Vital Disc Stats: The Blu-ray
Wonder Park rolls its way onto Blu-ray in a two-disc Blu-ray + DVD + Digital set courtesy of Paramount. Pressed on a Region A BD-50 disc, the discs are housed in a two-disc eco-friendly case with an identical slipcover. The disc loads to an animated main menu with traditional navigation options.
While I would have loved to see this film in 3D, Wonder Park enjoys a bright, colorful, detailed 2.39:1 1080p transfer. While the human character animation isn't overly detailed, the animal characters are a huge highlight. John Oliver's spiny Steve the porcupine, Ken Hudson Campbell's blue narcoleptic bear Boomer, and Mila Kunis' pink boar Greta offer terrific detailed character animation. When action sequences kick in there is a terrific sense of depth and dimension to the image - especially the big climax. You can tell that the animators really maintained a sense of scope and scale to give the image that desired three-dimensional pop that's even evident in 2D. Colors are robust with plenty of bright primary yellows, blues, and reds. Black levels are spot on with gorgeous deep inky blacks and strong shadows. Free of any compression issues, this is an often splendid and beautiful picture.
While not a full DTS:X or Atmos mix, Wonder Park gets a lot of terrific life and immersion out of its Dolby TrueHD 7.1 mix. Dialogue comes through crystal clear without any issue. Scoring by Steven Price fills the mix and keeps the action and emotion engaging. Sound effects are aggressively placed to keep surrounds engaged virtually at all times. While the opening moments of the movie are a bit more on the quiet side, there are plenty of small sound effects peppered throughout the channels to maintain a great sense of atmosphere. When June reaches the dilapidated Wonderland and is attacked by the cute and cuddly but evil Chimpanzombies, the soundscape kicks into high gear. Again the peak performance is the sound design for the climax that would have been incredible to see in 3D. While a mix with some more overhead-focused action would have been awesome, this 7.1 track keeps the action lively and exciting.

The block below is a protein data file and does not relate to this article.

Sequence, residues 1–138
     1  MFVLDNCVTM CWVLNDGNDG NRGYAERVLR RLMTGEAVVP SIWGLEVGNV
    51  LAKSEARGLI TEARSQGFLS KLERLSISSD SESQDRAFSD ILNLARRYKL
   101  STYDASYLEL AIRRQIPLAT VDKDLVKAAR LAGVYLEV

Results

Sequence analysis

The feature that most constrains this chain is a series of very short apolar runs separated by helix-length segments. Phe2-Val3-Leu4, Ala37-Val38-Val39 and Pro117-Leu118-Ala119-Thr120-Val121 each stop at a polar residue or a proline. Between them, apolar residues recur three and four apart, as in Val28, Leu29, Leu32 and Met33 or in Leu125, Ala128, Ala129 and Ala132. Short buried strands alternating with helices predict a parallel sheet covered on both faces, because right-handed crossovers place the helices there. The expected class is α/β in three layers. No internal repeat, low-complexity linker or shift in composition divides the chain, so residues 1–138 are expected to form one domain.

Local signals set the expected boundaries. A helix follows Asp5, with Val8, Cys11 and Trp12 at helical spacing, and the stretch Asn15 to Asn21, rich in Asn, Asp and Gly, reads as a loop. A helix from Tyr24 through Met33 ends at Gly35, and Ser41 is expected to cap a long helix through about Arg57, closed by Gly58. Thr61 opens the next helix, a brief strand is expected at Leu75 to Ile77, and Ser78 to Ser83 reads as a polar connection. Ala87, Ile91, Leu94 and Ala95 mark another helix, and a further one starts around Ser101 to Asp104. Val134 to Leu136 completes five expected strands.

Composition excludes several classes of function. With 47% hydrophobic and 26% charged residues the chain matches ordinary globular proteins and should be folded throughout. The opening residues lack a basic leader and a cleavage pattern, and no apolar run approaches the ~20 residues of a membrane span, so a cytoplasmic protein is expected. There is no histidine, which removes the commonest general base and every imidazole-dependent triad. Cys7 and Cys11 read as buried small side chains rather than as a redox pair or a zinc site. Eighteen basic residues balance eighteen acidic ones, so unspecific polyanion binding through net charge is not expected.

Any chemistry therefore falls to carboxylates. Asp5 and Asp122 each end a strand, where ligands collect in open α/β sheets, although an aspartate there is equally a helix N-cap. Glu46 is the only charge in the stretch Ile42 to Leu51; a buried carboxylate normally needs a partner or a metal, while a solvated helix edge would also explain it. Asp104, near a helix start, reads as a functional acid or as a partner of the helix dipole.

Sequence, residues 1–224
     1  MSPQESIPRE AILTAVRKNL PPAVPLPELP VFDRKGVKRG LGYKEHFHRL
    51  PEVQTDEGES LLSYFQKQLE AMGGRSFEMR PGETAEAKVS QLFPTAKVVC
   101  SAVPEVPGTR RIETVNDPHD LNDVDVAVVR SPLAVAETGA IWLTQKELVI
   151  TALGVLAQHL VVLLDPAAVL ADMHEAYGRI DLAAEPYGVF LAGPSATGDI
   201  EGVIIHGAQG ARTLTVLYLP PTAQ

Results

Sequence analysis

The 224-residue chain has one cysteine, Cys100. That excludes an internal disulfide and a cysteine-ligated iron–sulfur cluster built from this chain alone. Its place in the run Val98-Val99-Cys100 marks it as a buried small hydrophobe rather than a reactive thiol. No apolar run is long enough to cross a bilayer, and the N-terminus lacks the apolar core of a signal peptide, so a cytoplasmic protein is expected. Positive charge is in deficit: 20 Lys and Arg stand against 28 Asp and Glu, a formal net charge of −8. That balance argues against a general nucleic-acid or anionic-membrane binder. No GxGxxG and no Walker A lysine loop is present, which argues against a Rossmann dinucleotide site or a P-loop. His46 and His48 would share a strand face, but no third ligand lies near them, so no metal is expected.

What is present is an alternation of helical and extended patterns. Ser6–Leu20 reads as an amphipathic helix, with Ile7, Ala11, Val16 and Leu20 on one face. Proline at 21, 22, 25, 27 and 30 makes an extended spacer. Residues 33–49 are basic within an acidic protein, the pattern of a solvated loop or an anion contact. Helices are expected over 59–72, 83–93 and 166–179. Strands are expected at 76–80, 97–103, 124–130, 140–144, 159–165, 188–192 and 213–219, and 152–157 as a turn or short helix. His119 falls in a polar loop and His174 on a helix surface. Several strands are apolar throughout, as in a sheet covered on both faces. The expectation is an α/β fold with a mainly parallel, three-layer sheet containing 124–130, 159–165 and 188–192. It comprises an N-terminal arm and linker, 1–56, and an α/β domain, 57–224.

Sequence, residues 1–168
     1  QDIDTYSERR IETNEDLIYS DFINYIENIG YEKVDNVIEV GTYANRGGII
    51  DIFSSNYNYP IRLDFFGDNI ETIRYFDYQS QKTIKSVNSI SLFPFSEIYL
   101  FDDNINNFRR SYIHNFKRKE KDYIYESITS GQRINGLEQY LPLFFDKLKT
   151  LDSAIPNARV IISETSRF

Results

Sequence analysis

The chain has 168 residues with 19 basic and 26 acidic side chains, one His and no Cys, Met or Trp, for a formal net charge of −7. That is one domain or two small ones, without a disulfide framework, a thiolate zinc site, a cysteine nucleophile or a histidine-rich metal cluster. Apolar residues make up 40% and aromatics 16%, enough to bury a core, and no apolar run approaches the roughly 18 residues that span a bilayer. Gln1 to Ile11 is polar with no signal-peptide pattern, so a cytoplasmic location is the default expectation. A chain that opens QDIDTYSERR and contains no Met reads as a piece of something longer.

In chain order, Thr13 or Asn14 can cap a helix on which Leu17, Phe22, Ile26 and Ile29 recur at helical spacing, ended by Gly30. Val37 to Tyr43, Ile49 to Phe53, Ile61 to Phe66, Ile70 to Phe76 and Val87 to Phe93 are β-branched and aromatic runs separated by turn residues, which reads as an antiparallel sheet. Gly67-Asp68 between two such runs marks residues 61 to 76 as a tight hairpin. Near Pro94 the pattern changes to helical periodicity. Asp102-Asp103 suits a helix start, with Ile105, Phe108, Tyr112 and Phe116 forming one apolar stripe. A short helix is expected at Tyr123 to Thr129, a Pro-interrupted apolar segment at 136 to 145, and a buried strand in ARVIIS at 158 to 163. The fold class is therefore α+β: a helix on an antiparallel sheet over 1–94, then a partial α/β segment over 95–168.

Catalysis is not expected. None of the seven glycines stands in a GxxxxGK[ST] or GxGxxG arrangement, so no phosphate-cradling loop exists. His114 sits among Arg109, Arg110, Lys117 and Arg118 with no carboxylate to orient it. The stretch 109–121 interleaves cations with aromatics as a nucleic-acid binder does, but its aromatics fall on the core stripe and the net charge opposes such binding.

Bonus features are the pretty basic material for a film like this. Not intended for adult views, these are the sort of supplements you turn on for your kids to get a precious few extra moments of distracting material. Some of these little extras are fun - the How to Draw Boomer and the Wonder Chimps is pretty great, but again, not meant for the adults in the room.
Sing Along with June - The Pi-Song (HD 1:13)
Gus the Yodeling Beaver Deleted Scene (HD 00:53)
The Wonder Chimp Channel (HD 5:04)
Making Noises - It's Actually a Job! (HD 4:14)
June's Guide to Wonderland (HD 2:00)
June's Welcoming Crew (HD 2:34)
How to Draw Boomer and the Wonder Chimps
Wonder Park is a kids movie built for kids. Adults may have some fun with it, but they're far and away from being the desired target audience here. Overall I would say I had fun with it and enjoyed the creative action sequences even if I would've liked more story meat on the bones. That said, I've got three little nieces I'm sure will devour this over and over again.
Paramount Pictures delivers this middling kids movie with a first-rate A/V presentation and a couple of diverting bonus features. With how the film was visually constructed, it would have been great to get a 3D release with Atmos, but this 2D presentation looks and sounds fantastic. You may not get much from it, but your kids should enjoy it quite a bit. Recommended.